Ultimately, security became a part of DevOps after organizations recognized it was a legitimate movement and provides business value. We finally realize that’s conveying and communicating risk reduction must be done at every part of the pipeline whatever your software development cycle looks like. From waterfall to continuous integration whatever you have in place, putting security in that as part of it whether it’s in name of the title or how we talk about it. I think that’s more of a sort of gimmick. Really, those cultures can come from works but just sliding security in DevOps is a start but there’s a lot behind that.

Modern DevSecOps schemes are about the right approach

The fundamentals of the modern DevSecOps schemes rely both on processes as well as the automation of DevSecOps. By processes I mean that there’s a big gap today between the security teams and the development teams in a DevOps process. To be frank, developers don’t really like fixing security issues. Eventually, the security teams take on the issues, and raise an alert but when it comes to communicating these issues and remediating them, they need the cooperation of the development teams. When they have a DevSecOps team that promotes collaboration, they understand how developers think and work, and automate the whole process. That’s the key to a successful relationship between the security teams and the development teams.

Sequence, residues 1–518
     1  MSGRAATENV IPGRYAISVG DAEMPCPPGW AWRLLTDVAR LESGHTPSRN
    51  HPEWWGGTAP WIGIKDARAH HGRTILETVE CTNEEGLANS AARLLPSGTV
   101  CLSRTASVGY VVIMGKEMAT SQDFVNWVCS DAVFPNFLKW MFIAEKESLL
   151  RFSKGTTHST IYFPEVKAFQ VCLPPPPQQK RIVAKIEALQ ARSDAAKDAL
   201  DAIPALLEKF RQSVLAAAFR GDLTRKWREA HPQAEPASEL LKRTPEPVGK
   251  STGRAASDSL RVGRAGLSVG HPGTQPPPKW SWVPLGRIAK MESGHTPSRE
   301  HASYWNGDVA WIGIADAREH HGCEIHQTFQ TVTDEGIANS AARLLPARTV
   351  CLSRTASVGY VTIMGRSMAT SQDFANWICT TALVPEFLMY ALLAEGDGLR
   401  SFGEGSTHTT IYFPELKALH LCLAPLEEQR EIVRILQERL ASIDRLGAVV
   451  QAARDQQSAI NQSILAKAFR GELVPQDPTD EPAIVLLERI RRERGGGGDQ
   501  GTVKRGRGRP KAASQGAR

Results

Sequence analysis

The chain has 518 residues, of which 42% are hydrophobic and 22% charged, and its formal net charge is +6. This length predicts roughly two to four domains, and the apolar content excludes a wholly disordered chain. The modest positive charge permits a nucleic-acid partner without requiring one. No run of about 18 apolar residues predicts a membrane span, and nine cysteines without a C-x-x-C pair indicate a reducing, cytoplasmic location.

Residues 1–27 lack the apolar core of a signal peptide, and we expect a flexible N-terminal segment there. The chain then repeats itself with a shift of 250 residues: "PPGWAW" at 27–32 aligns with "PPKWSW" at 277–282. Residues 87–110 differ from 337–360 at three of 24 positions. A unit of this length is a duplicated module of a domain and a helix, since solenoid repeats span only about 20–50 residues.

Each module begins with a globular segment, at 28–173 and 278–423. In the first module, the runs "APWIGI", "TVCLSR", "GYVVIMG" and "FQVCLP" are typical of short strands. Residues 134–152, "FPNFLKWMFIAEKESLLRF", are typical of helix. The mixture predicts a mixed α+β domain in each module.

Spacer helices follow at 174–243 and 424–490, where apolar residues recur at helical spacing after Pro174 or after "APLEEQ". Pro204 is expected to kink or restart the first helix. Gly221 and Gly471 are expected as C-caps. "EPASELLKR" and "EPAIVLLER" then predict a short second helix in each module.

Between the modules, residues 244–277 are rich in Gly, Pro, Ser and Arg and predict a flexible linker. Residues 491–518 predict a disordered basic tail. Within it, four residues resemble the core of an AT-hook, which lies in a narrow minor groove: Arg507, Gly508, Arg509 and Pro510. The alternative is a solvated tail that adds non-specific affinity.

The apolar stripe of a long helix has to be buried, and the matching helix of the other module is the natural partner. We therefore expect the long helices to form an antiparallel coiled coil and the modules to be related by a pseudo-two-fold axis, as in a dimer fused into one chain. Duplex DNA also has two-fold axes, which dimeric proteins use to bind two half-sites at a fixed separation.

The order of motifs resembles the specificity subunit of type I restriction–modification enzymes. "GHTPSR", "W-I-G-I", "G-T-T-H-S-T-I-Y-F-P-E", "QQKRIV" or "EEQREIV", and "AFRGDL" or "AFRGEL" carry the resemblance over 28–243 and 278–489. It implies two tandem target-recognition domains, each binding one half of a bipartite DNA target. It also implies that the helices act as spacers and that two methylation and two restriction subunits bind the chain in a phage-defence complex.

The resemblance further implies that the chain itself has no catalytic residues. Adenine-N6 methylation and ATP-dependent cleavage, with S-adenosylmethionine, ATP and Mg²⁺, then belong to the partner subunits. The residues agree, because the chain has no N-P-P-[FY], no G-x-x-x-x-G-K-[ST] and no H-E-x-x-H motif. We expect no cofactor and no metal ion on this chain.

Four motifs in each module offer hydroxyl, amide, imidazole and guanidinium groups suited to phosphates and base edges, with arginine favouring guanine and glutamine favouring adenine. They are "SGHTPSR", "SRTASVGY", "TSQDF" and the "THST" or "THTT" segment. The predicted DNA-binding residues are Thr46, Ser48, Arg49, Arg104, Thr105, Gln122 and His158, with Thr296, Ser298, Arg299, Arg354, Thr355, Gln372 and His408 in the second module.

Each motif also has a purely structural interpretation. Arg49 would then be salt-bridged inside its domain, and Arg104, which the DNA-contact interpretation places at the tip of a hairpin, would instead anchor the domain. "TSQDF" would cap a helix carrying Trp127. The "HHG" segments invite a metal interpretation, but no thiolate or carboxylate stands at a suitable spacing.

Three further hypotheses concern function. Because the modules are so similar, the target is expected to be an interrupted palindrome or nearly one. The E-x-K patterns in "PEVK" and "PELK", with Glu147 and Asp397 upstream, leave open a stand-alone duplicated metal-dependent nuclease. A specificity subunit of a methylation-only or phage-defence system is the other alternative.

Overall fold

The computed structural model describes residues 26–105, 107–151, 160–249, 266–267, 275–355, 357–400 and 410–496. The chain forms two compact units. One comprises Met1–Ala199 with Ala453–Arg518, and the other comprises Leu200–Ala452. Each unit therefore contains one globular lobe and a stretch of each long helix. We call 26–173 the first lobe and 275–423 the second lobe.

If you look at number of people in those teams you will find hundreds or thousands of developers, probably a dozen or so DevOps people, and a couple of security people. In a nutshell, there is no workaround to introduce security into DevOps. You must automate and have the right tools in place to communicate and close the loops on resolving application security issues. 

There are two approaches to introduce security into DevOps. Security teams would put developers into security teams and teach themselves how developers work and want to see security issues communicated to them and resolved. 

Another approach is to put security analysts into dev teams in order to help developers improve the way they think about security and the way they develop their application. Regardless the approach, that’s something that resolves the gaps that hold automation and the communications by fixing friction between the dev and security team.

DevSecOps is a mindset afterall that closely follows your culture

The purpose and intent of the word “DevSecOps” is a sort of mindset that an agile team is responsible for all aspects from design and development to operations and security. This achieves speed and scale without sacrificing the safety of the code. Traditionally, system is designed and implemented and before release the defects are determined by security staff. With agile practices, it is important to inject security and operational details as early as possible in the development cycle. 

“DevOps is the practice of operations and development engineers participating together in the entire service lifecycle, from design through the development process to production support.

“DevOps is also characterized by operation staff using many of the same techniques as developers use for their system works.